Skip to main content

Connecting To Your Past

I ran through Tokyo this morning. Took a left on the main road out of the hotel at 6 a.m. Took in all that I could of Japan along the way. A factory, a bamboo forest, small gardens, and way too many karaoke bars. A general aroma of tidiness. Things in their places. A mile on, I took to the ba…
By Seth Barnes

I ran through Tokyo this morning.

Took a left on the main road out of the hotel at 6 a.m. Took in all that I could of Japan along the way. A factory, a bamboo forest, small gardens, and way too many karaoke bars. A general aroma of tidiness. Things in their places.

A mile on, I took to the back streets. Still more karaoke bars. Three women wearing visors walking their dogs and carrying doggie bags. Girls on bikes apparently going to some school (who goes to school at 6 a.m.?).

Barber shops and beauty salons – more riffs on the theme of neatness. Green spaces and gardens kept showing up. I cut through one and was back at the hotel.

What would have happened if I'd taken a right? I decided to see. I kept going past the hotel and found the road to the right very different.

Quickly ahead I saw a path through gardens. Somebody was doing more than just putting salad on the table with those gardens. Row after row of what may have been strawberry plants poked their leafy heads through black plastic. Not a weed in sight.

The path got smaller. I was running by rice now. A woman with a scarf wrapped over her broad hat and around her head was hard at work.

Ahead the path sloped down and I found myself running through a small, thickly wooded forest. It was so peaceful in there. To my right I spotted a large burial shrine – a Shinto shrine, I thought, honoring an ancestor.

For the first time, I thought gracious thoughts about a religion I'd previously disparaged: "I don't know what's going on here, but whoever put that here was reaching for the sacred." Reaching for something beyond themselves that transcended time.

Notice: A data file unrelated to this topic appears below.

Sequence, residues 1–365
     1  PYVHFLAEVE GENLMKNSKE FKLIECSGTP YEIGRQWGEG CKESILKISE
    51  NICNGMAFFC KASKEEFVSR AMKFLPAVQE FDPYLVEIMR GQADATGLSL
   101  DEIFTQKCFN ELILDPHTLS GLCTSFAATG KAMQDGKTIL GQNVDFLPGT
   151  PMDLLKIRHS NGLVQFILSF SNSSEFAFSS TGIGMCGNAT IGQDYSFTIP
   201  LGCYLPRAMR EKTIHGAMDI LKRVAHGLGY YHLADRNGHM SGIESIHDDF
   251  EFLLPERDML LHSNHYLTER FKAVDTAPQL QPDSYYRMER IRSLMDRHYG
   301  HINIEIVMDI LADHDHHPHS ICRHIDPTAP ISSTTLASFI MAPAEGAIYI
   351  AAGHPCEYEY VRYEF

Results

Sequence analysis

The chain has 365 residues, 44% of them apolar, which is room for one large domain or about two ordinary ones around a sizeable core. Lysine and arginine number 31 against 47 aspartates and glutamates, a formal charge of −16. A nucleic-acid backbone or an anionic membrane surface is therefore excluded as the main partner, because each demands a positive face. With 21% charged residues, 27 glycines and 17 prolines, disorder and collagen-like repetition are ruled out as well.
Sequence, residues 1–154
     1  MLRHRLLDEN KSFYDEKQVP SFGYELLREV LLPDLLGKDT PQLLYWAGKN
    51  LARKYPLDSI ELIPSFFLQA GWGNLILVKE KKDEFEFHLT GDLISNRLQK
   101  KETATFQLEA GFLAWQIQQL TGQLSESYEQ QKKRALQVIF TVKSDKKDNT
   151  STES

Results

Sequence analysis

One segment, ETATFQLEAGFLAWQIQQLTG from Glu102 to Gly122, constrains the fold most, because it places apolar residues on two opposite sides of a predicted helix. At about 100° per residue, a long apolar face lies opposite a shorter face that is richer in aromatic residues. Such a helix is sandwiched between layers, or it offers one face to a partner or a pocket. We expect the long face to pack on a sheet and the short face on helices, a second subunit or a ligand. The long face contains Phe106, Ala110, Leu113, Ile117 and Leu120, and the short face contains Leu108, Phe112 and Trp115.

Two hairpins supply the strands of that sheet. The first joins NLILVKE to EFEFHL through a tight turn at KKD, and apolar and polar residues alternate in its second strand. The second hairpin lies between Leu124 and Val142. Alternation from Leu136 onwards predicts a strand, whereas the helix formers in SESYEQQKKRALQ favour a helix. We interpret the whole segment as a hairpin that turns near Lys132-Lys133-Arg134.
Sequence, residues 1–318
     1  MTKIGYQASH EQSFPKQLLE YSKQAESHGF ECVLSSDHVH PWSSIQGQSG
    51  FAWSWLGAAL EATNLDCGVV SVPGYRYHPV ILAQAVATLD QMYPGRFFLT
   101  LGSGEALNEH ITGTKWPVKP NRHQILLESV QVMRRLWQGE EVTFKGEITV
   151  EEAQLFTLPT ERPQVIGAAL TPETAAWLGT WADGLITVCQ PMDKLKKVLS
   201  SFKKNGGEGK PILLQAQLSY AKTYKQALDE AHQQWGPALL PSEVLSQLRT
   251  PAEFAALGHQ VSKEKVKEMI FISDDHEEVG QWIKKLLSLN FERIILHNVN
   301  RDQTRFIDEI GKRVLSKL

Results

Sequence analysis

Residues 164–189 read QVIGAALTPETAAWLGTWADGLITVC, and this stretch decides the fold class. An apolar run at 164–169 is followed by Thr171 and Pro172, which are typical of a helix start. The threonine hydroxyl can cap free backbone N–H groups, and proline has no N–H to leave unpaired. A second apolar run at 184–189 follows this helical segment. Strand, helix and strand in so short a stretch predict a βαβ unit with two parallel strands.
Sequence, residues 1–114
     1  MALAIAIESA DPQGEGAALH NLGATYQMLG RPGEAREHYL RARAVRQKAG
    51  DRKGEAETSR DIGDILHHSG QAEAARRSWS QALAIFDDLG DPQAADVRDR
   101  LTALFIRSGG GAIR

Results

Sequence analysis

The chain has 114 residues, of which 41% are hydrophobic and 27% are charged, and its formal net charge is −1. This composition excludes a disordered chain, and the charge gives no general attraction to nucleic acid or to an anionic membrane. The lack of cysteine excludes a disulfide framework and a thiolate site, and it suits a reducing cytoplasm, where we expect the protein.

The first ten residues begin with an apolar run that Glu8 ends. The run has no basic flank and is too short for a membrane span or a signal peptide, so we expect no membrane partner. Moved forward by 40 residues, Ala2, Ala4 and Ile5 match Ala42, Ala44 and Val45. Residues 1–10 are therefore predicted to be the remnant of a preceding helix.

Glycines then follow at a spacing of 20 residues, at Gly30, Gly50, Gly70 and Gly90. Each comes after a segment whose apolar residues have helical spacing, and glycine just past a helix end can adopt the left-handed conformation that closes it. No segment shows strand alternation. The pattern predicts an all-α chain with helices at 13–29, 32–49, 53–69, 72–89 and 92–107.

It's a universal thing. We all want to connect with the sacred. Why revere your ancestors?  Well, why not revere something? Isn't that better than the cynicism that infects our culture?

Back in my room, I thought about the two ways I'd taken. To the left I'd seen the current Japan – a mix of  the practical and the aesthetic symbolized by the karaoke bars. The thing about karaoke is that it's a nice mix of the programmed with the spontaneous. If you can remember the song's lines and carry a tune, you're good. But add a little of your own special sauce and you might get some applause.

To the right I saw the country's past. Actually, maybe I more felt its past. In a world rushing headlong into a future that at times feels nihilistic, it was a serendiptious privilege.

There's a tug in me to connect with the past. I need it like I need community. America, just 227 years into its experiment, can feel like a shallow-rooted culture. I need roots to live – don't you?

This past year, I took out all our old family videos and made digital copies for our kids. There they are at ages 3, 4, and 5 playing in a pool. There they are a little older on vacation. And then as teenagers opening presents at Christmas.

And in an old echo, there I am at the same ages doing the same things in my parents' silent movies.

And still further back, in a piece of cinematic antiquity, there's my dad graduating from Yale. And his dad proudly looking on. Seeing the connection between the generations felt strangely sacred. Like watching God finger painting with our lives.

Today Karen is at home planning what will surely be a stay in hospice for her mom. It's hard.

But just watching the flow of the generations whether in my videos or on my run past Japanese gardens and shrines allows me to give thanks to God, the one who orchestrates the flow and makes sense of living and dying.

He's not a product of my wishful thinking. People are looking for him and finding evidence of him all over the world. He's a creator who is creating new life out of old things all the time.

What are the old things in your life that need a little more reverence? Where do you find life through the roots that connect deeply to all that birthed you as you've come to be?

Comments (11)

Leave a Reply

Your email address will not be published. Required fields are marked *